November 1: #SEPTAstruggle | Ride-hailing discriminiation | River Ward school tours

We want to know how you are dealing with the SEPTA strike: Our NewsWorks colleagues wonder what’s your #SEPTAstruggle today? Did you put air in your bike tires to Bike the Strike? Are you baking a long walk into your day or making plans to carpool? Are you working from home? If you have questions or strike stories – hit up on Twitter @planphilly and follow Jim Saksa (@saksappeal) for strike updates. We’ll keep you posted as we know more.

Helen Ubiñas raises hell over the city’s limp response to lead poisoned kids – a press conference calling for action after this weekend’s big Daily News story on how pervasive lead paint exposure is among Philly kids, especially the poorest. “If our elected leaders are standing around a City Hall microphone and talking about a problem they all readily admit they know about and have been “working” on, it can only mean one thing: We failed. We failed our kids. Again.”

A study of ride-hailing services in Boston and Seattle from the National Bureau of Economic Research finds discrimination at play, partly as a function of their platform design. “A black man calling an Uber in Boston is three times as likely have his request cancelled than a white man,” writes CityLab in its explanation. Additionally, Boston’s female passengers faced longer, pricier trips than males between the same places. “’The additional travel that female riders are exposed to appears to be a combination of profiteering and flirting to a captive audience,’ the authors note in the paper.”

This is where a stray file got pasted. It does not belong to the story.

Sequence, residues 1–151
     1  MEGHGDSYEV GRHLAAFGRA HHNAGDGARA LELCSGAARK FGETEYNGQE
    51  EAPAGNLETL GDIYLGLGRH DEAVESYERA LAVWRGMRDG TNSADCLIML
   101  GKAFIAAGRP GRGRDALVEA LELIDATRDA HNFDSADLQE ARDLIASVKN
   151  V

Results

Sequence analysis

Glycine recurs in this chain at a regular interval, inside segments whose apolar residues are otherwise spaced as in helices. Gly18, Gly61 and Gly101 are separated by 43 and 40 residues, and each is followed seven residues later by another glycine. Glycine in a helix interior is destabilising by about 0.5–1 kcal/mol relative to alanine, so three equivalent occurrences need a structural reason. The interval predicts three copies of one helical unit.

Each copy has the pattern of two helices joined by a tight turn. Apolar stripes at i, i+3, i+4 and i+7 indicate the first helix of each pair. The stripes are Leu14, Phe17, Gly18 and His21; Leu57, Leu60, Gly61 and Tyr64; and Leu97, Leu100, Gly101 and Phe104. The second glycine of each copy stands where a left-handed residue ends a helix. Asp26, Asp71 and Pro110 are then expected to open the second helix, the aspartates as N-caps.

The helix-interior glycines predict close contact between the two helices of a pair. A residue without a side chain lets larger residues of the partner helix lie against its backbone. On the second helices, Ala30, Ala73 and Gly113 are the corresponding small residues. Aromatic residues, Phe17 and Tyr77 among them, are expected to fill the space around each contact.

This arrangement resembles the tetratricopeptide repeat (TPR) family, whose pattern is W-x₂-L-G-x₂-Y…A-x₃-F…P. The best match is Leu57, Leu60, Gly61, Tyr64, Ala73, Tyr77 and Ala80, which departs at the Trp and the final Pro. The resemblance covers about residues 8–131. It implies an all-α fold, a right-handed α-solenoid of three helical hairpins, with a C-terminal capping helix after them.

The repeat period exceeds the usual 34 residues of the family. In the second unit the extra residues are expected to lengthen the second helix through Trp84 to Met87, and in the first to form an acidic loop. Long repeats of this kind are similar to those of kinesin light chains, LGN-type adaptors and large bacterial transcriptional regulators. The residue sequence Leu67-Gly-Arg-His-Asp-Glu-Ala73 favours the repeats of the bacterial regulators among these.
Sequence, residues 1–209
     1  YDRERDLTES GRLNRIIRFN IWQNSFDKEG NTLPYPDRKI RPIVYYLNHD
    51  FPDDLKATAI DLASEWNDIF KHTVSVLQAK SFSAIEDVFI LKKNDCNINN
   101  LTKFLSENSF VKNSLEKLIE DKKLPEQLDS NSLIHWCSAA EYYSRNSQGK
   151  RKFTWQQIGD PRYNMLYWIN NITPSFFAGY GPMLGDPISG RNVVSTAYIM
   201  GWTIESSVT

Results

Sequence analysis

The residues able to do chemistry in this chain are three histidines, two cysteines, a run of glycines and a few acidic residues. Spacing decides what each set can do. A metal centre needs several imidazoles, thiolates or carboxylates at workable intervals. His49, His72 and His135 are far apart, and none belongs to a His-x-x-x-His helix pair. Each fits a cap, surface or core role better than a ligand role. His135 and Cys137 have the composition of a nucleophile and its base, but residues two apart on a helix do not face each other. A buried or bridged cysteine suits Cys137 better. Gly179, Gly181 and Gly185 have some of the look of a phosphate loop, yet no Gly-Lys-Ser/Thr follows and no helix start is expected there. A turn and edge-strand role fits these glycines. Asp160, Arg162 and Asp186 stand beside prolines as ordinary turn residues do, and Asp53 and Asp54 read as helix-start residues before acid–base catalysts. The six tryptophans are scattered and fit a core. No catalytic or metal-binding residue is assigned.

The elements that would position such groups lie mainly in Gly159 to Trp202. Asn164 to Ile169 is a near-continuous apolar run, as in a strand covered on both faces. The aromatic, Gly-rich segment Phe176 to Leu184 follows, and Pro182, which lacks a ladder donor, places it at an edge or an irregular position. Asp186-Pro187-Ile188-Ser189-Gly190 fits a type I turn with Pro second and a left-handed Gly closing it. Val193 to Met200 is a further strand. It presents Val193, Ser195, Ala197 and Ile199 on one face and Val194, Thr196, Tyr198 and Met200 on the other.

The Notebook reports ‘Friends of’ River Ward elementary schools – Adaire, H.A. Brown, Hackett, Moffett, Kearny – gave tours to real estate agents in October to build positive perceptions about neighborhood schools. “We knew, as members of these ‘Friends of’ groups, that great things were happening at the elementary schools, but we felt like that news wasn’t getting out enough and that one of the best ways for that news to be distributed was through the very people who were helping others to move into the neighborhood,” said tour organizer Laura Tepper, whose son attends Hackett Elementary.

StreetsBlog talks to Engineer Alex Epstein of the Volpe Center, a research arm of U.S. DOT, who researches how truck design affects bike and pedestrian safety about why American are trucks so deadly for pedestrians and cyclists.

WHYY is your source for fact-based, in-depth journalism and information. As a nonprofit organization, we rely on financial support from readers like you. Please give today.

Want a digest of WHYY’s programs, events & stories? Sign up for our weekly newsletter.

Together we can reach 100% of WHYY’s fiscal year goal